ST. PAUL -- The overall forward depth has been a talking point inside the dressing room of the Minnesota Wild virtually all season.
But with the Stanley Cup Playoffs set to get underway, that depth is about to undergo its most stringent test to date.
While it's easier to roll four lines during the regular season, it becomes more risky in the playoffs, when the smallest of mistakes can result in a damaging goal against.
But there has been a method to Wild coach Bruce Boudreau's reasoning for continuing to play four lines, even late into games where many teams might shrink the bench.
"The reason we did it all year is so we can do it in the playoffs," Boudreau said. "I have a lot of confidence in a lot of the players that play."
That depth will be on display in Game 1 Wednesday against the St. Louis Blues, another team unafraid to roll four lines. While the Wild will lean on the line of Nino Niederreiter, Eric Staal and Zach Parise to provide it with offense, it will likely be the job of Mikko Koivu's line and Martin Hanzal's group to help slow down St. Louis' top groups.
It's a benefit the Wild didn't have in 2013, when it first began its run of five straight trips to the playoffs. Back then, it relied on Koivu's line to be a two-way force against the Chicago Blackhawks, a team that rolled two powerful scoring lines.
Without the guns to match up, the Blackhawks made quick work of the Wild.
Now, it's Minnesota possessing match-up advantages. Boudreau is confident in Koivu's, Hanzal's or even Staal's line to neutralize an opponent. Each is also capable of contributing in the offensive end.
"To be successful, you've gotta have four lines going," Niederreiter said. "To go far [in the playoffs], you can't win with three lines, you can't win with two lines. You have to all four lines going and I think that's something that we have with our team this year."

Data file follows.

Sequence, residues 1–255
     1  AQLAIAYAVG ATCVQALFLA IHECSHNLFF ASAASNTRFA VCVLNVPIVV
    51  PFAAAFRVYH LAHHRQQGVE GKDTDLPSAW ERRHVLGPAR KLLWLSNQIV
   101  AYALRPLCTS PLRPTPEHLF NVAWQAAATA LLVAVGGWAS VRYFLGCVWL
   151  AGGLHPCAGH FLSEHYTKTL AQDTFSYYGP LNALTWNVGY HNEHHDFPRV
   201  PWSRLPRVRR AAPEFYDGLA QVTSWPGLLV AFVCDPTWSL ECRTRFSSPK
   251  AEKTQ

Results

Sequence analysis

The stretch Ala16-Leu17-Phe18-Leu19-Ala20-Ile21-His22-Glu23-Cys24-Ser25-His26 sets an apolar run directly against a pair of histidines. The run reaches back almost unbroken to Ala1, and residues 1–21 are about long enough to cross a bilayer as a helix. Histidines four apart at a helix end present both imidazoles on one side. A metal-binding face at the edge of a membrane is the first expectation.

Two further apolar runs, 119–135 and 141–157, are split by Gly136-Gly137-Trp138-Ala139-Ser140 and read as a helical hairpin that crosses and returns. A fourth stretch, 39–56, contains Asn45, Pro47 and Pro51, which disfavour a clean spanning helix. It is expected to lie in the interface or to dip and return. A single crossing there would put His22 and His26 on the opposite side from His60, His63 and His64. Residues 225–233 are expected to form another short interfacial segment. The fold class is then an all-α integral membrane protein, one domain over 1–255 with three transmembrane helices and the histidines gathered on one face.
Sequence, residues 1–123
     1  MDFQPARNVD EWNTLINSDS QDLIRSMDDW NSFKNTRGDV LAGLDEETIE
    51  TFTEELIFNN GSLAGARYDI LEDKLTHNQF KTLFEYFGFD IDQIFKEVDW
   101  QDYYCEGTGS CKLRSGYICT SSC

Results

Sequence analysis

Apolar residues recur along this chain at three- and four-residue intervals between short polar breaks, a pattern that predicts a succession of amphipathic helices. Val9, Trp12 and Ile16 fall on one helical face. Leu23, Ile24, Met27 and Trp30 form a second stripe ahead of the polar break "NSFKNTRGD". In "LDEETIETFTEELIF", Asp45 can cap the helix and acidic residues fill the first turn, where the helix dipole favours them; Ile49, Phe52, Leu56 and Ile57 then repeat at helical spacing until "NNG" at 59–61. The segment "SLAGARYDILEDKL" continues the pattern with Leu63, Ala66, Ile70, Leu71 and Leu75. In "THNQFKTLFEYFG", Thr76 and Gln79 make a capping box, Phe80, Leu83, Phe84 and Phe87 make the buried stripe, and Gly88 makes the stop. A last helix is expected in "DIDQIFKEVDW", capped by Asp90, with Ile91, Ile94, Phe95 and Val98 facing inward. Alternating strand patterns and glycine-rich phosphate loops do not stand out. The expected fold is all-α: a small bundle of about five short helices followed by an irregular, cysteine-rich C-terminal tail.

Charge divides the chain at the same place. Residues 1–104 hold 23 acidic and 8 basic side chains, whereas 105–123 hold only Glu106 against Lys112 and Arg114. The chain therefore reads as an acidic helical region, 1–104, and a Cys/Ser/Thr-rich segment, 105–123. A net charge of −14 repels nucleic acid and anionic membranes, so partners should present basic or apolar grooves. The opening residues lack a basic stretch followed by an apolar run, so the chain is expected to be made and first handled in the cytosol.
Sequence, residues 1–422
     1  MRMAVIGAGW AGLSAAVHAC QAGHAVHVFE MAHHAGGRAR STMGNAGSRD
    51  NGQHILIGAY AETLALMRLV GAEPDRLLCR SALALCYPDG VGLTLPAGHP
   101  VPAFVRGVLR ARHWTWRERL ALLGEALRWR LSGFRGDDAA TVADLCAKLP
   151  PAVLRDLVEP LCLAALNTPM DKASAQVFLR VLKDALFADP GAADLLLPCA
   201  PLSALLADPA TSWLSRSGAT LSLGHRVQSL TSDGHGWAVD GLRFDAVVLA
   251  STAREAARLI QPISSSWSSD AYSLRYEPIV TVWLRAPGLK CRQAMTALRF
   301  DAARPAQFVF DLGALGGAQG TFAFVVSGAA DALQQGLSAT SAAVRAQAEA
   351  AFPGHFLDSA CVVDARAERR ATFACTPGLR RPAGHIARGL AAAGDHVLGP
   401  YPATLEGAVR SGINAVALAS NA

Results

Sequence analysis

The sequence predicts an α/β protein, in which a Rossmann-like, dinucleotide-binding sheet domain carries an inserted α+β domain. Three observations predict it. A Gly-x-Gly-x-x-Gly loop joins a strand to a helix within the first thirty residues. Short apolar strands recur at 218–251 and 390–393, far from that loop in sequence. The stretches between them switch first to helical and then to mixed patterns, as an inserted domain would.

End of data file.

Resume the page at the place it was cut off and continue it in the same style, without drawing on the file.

But Minnesota also has the firepower now to take advantage when a team's bottom-six forward group is on the ice, creating mismatches with the Staal line or even its fourth line, which boasts plenty of offensive pedigree in its own right.
"It's nice to have that depth," said Wild forward Charlie Coyle. "There's going to be guys sitting out of the lineup who are very capable of making a huge impact. I think it's going to make guys who are playing and in the lineup play better knowing that we have other guys who are itching to get in there and take your spot."
While Staal's line has been a staple for the past couple of weeks, building impressive chemistry together during that time, Erik Haula skated next to Koivu and Mikael Granlund on the second line.
Haula's speed could be beneficial defending Blues forward Vladimir Tarasenko, St. Louis' most explosive offensive player.
"He's a straight-line skater, his whole role has always been third-line checker," Boudreau said. "So he should be able to know that, and he's a great skater, so all those things should add up pretty good."
The addition of Hanzal at the end of February has really given Boudreau options, as was the goal of the trade when it was made. It helps that Hanzal has maintained a 50-point pace in 18 games since the trade was made.
Jason Zucker, who scored a career-high 22 goals during the regular season, will flank Hanzal and Coyle, who had a career-high 56-point regular season, on the Wild's third line.
Rookie Joel Eriksson Ek looks to center the fourth line with Jason Pominville on his wing and any number of other players competing for time at the other wing. Among them: Chris Stewart (34 career postseason games), Ryan White (16 career playoff games) and Jordan Schroeder (career highs in all offensive categories during the regular season).
"I've been there before, where you've been the guy out of the lineup during the playoffs," White said. "You just gotta come to work every day, ready to go, and try to keep your head right. When you get that opportunity, you've got to try and take advantage of it.
"For the guys that aren't playing, [you've gotta] make sure you're working hard and keep your mind in it because there's going to be time when we're going to need them."